Heart Happy (cathy_edgett) wrote,
Heart Happy

Surely the people will see -

I find it hard to believe that with things as bad as they are and with McCain so much a part of the party that brought us to this place that he continues to spew acid on the campaign trail.  Whatever happened to apology and accountability?   How much more attractive that would be.   I continue to pray that the people of this country wake up and see the difference between Obama-Biden and McSame and McPain.

Op-Ed Columnist

The Alpha Dogs Bark

Published: September 19, 2008

These times are so perilous that George W. Bush emerged from his burrow on Friday to reassure the American people about the financial crisis.

Looking either grim or overmedicated, Bush spoke for several minutes — 1,260 words worth of reassurance. That was a far more ambitious effort than the day before, when, as Politico’s Roger Simon noted, our president devoted 100 fewer words to his public utterances on the collapsing economy than he did to toasting the president of Ghana at dinner.

Behind the-first-president-with-an-M.B.A.-and-a-lot-of-good-it-did-us stood the Fed chairman, Ben Bernanke, who appears to be actually running the government. On Thursday night, Bernanke had called Congressional leaders together and terrified them into supporting a quadrillion-dollar rescue plan. Legend has it that there was a time when these sorts of gatherings took place at the White House, but it would probably have really cast a pall on the president of Ghana’s big night.


Anyway, by the time Bush got around to making his speech, or at least a speechlet, Bernanke had already made the plan public. The stock market had rallied, and if the president had just stayed inside practicing his pending welcome for the Boston Celtics, the world would have little noted nor long remembered.

“This is no time for partisanship,” Bush concluded.

Bipartisanship! That’s the ticket. There have been more vicious political eras in the nation’s history, but probably never one in which so much vitriol has been mixed with so many demands for reaching across the aisle in fellowship.

Down in Florida, Barack Obama was also endorsing a bipartisan approach to the rescue. For good measure, he also tacked on a call on both parties to join together in backing “an emergency economic plan” crafted out of a whole bunch of things that the Republicans are never going to support in a million years.

Obama declined to provide many specifics. The most notable thing about his performance this week — besides his really extraordinary skill in packing large numbers of economic advisers onto a stage — has been his calm. Even this late in the campaign, it’s hard to tell whether it’s the product of wise serenity or a low metabolism. But, under present circumstances, it was definitely soothing.

John McCain, on the other hand, was angry. Still. He had been angry Monday, when he blamed the financial crisis on greedy speculators, and on Tuesday, when he blamed it on people who didn’t respect the American worker. He was furious on Wednesday, when he blamed the crisis on C.E.O.’s with golden parachutes until it was pointed out that one of his highest-profile advisers, Carly Fiorina, had sailed out of Hewlitt-Packard with a 24-karat whopper. On Thursday, he was mad at the head of the Securities Exchange Commission.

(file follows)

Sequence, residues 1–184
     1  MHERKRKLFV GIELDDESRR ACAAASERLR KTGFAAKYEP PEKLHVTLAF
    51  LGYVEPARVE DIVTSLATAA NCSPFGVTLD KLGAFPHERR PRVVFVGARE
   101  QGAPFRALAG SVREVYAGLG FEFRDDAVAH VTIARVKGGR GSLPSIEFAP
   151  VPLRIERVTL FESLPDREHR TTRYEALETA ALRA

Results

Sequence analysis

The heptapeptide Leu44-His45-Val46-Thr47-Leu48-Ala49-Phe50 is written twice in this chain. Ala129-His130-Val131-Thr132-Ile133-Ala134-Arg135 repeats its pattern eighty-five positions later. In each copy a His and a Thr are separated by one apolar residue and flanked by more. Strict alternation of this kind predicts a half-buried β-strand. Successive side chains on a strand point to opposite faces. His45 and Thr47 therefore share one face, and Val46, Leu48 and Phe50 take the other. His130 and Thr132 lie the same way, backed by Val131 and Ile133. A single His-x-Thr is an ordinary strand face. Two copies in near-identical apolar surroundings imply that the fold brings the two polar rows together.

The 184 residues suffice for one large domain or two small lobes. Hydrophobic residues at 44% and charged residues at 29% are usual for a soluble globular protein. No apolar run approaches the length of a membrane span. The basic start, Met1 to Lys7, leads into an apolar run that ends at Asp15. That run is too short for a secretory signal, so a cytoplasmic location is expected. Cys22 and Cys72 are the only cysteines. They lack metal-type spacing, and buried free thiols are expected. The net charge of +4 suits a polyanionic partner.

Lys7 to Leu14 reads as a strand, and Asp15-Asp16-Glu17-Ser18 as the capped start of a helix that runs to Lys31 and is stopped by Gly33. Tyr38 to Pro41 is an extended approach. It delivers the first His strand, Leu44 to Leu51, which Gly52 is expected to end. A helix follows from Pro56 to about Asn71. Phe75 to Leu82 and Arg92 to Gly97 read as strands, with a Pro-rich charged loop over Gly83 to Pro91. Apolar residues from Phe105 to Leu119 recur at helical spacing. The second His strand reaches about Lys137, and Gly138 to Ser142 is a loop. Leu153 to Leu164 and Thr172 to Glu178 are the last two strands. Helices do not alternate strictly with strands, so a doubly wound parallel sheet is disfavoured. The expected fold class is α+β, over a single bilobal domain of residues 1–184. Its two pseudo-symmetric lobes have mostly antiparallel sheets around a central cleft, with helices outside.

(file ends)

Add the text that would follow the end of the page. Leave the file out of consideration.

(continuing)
On Friday, McCain looked steamed when he gave a new policy speech in Wisconsin with Sarah Palin at his side. The Republicans have discovered that McCain can’t draw a crowd without Palin, and the dangers of letting her float off by herself are apparent. So the two are manacled together these days like Tony Curtis and Sidney Poitier in that old escape-from-a-chain-gang movie.

McCain’s proposals were pretty much in line with the emerging Washington consensus. The real theme of the speech was assignment of blame. Normally at times of great national trauma top politicians say they want to avoid finger-pointing. But the McCainian digit was ready for action, and its owner assured the audience that he had found “plenty of places to point.”

The main culprit, the finger’s final resting place, turned out to be — Obama! His opponent, McCain claimed, took campaign contributions from officials at Fannie Mae and Freddie Mac, and had a couple of former C.E.O.’s of Fannie Mae as advisers. “In a McCain-Palin administration, there will be no seat for these people at the policy-making table,” he vowed.

Given the amount of time the campaigns have spent arguing about the misdeeds of advisers, I think we might all be better off if the term was eliminated completely. From now on, everybody who is invited to consult with a candidate should be referred to as “complete-stranger-who-dropped-by-to-talk” or perhaps “the person I thought was a FedEx deliverer.”

Actually McCain’s remarks were a bit more muted than on Thursday, when he helped restore the financial markets’ shattered confidence by accusing Obama of responding to the crisis with “the kind of me-first, country-second politics” that “sees an economic crisis as a political opportunity instead of a time to lead.”

Still, he managed to get himself pretty riled up, culminating in a claim that people like Obama were “too busy gaming the system” to fix things, and that the junior senator from Illinois, despite his brief career in Washington, was smack dab in the middle of a “culture of lobbying and influence-peddling” that created the whole financial crisis.

He ended with a call for bipartisanship.


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